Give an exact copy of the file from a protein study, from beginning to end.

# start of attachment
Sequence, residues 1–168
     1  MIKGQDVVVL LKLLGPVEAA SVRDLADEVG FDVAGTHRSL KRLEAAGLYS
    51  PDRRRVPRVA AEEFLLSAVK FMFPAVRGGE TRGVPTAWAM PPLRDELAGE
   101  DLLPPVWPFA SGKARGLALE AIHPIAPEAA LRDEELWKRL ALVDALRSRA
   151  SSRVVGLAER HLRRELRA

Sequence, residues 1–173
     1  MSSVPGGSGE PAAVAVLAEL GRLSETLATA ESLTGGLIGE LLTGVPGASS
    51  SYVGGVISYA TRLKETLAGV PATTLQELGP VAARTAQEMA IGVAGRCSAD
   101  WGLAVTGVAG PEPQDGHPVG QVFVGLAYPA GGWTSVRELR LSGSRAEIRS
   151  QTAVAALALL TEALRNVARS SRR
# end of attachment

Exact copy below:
Sequence, residues 1–168
     1  MIKGQDVVVL LKLLGPVEAA SVRDLADEVG FDVAGTHRSL KRLEAAGLYS
    51  PDRRRVPRVA AEEFLLSAVK FMFPAVRGGE TRGVPTAWAM PPLRDELAGE
   101  DLLPPVWPFA SGKARGLALE AIHPIAPEAA LRDEELWKRL ALVDALRSRA
   151  SSRVVGLAER HLRRELRA

Sequence, residues 1–173
     1  MSSVPGGSGE PAAVAVLAEL GRLSETLATA ESLTGGLIGE LLTGVPGASS
    51  SYVGGVISYA TRLKETLAGV PATTLQELGP VAARTAQEMA IGVAGRCSAD
   101  WGLAVTGVAG PEPQDGHPVG QVFVGLAYPA GGWTSVRELR LSGSRAEIRS
   151  QTAVAALALL TEALRNVARS SRR